When we talk about religion our minds jump to notions of God and theology, or perhaps religious practices and ceremonies, or to a list of do’s and don’ts for the faithful to follow. The realm of civil law is relegated to the mundane world of the practical, not the lofty spiritual plane. Here again, Judaism demonstrates unique qualities.
This week’s Torah portion, Beshallach, describes the reaction of b’nai yisrael when the confrontation with Pharaoh and his army becomes a reality. The Torah says, “… the people were frightened, the Children of Israel cried out to Hashem. They said to Moshe, ‘were there no graves in Egypt that you took us to die in the wilderness?!’” (Shemot 14: 10-11) How could they suddenly complain and question Moshe’s motives? We must also ask ourselves, if we were there, how would we have reacted?
Parshat Bo, this week’s Torah portion, records the final dialogues between Moshe and Pharaoh. The ensuing last three plagues of destruction, brought on the Egyptian nation as a consequence to Pharaoh’s stubbornness, resulted in the liberation of the Jewish people. What is remarkable, and almost unnoticed, in the parsha, is the reaction the Jewish people had toward their tormentors. Equally attention grabbing is the reaction the Egyptian populace had toward the Jews.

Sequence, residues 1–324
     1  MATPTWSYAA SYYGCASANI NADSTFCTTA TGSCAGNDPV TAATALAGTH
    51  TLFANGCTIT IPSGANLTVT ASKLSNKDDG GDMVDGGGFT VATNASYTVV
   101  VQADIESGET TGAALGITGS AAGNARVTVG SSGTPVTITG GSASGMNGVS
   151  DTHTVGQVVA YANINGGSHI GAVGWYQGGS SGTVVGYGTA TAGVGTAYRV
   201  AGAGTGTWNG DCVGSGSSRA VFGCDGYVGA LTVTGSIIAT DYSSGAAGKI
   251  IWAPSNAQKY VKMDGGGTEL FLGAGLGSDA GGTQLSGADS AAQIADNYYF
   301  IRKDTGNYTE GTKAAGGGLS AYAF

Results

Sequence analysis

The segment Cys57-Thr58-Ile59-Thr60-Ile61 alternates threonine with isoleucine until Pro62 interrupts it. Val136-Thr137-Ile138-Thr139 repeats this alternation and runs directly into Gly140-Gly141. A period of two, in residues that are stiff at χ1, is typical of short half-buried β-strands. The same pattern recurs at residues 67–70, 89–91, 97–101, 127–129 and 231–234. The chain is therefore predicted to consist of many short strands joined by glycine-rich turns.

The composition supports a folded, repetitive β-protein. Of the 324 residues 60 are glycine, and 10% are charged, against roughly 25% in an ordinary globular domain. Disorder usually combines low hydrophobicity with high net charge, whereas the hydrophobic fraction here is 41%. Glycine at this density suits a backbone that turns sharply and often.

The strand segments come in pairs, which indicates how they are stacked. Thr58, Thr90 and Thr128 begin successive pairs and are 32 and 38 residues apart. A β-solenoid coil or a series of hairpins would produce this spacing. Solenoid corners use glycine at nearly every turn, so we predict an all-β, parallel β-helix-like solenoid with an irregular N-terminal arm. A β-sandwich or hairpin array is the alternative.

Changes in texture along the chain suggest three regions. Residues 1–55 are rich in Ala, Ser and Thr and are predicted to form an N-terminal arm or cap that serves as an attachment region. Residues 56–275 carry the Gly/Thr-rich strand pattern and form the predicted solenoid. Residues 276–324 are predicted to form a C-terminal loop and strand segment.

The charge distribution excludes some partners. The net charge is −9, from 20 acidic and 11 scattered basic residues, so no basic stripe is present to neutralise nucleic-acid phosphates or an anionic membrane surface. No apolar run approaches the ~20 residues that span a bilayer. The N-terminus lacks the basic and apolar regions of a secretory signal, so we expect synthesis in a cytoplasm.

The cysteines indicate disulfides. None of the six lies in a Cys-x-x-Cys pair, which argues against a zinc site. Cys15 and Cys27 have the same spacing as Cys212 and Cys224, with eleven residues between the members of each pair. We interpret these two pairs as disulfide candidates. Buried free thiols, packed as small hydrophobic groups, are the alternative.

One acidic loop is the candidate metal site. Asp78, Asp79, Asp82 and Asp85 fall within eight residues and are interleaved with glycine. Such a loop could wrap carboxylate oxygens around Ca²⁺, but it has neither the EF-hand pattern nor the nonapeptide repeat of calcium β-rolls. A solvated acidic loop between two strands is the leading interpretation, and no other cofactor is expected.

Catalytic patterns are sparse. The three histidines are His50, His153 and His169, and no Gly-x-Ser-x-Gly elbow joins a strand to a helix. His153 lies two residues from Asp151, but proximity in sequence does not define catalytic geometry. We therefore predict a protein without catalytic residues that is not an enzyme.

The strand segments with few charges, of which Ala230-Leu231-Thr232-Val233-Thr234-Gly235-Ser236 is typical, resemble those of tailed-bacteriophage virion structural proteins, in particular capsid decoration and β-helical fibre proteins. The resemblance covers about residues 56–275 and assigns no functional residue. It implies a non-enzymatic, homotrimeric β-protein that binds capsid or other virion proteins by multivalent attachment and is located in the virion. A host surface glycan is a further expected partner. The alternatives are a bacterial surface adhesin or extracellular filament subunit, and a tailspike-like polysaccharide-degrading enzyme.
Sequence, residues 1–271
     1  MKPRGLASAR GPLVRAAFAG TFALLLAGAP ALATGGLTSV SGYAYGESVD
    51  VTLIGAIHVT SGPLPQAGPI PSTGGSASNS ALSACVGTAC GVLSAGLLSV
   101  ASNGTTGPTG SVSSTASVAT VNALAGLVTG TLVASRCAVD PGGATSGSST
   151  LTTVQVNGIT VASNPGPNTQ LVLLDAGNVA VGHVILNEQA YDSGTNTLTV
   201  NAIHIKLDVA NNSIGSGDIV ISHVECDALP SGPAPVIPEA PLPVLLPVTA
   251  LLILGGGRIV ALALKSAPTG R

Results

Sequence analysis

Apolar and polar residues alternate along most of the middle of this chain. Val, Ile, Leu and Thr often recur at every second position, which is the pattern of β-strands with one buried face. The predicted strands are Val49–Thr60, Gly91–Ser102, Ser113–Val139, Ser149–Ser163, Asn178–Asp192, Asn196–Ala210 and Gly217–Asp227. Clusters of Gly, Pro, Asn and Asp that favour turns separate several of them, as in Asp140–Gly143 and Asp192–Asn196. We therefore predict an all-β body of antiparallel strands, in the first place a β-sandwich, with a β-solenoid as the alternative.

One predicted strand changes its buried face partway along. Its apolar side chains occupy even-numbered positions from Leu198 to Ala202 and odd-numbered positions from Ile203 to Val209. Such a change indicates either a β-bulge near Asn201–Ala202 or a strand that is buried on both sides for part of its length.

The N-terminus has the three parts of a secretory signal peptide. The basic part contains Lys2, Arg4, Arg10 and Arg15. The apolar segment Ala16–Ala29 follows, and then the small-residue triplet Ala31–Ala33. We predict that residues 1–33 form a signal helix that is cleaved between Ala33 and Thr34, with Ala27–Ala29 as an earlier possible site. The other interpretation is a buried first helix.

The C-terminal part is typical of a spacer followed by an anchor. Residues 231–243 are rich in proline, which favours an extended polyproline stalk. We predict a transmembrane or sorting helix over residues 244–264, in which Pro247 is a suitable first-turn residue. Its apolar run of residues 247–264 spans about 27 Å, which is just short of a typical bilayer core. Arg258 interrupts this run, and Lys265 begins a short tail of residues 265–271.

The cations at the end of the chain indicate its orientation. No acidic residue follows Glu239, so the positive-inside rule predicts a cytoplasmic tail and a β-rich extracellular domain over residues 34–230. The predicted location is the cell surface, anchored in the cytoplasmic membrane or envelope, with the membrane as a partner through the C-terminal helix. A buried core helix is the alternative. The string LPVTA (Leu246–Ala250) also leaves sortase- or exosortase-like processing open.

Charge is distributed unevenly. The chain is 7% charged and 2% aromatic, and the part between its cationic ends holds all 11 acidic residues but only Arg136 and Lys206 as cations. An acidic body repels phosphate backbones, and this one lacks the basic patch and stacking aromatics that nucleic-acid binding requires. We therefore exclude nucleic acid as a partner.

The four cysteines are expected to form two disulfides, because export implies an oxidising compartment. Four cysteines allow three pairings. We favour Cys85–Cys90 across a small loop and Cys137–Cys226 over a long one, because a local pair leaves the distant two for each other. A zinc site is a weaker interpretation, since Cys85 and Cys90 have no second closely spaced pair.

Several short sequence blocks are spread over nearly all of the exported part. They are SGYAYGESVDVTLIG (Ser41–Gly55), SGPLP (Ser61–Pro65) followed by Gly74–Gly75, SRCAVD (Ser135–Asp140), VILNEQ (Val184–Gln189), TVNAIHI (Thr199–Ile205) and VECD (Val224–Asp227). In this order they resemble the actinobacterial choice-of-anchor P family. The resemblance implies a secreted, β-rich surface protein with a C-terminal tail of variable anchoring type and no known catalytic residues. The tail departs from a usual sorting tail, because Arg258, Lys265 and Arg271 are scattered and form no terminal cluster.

This coming Monday, January 20, is designated as Dr. Martin Luther King Day across the United States. It has been officially observed in all 50 States since 2000. Dr. King’s life focus revolved around the commands of the Torah that we refer to as mitzvot between individuals and other people, מצות בין אדם לחברו. This is not to say that the mitzvot between humanity and God, מצות בין אדם למקום, were not important to him but how we treat our fellow human beings reflected to him a person’s true inner core.
We are all familiar with the practice that after we read the verse שמע ישראל we immediately say ברוך שם כבוד מלכותו לעולם ועד before reciting the rest of the שמע. Where did this practice come from? This intervening statement is not found any where in the Torah. The answer comes from this week’s Torah portion, ויחי, Vayechi.
How did the sages and rabbis at that time know beyond a shadow of a doubt that the Maccabee’s victory was divinely assisted? What allowed them to create an annual eight-day commemoration with Rabbinic mitzvot? A close look at the על הנסים”,” “For the miracles,” the special insert into our daily prayers during Chanukah, will shed some light on this question.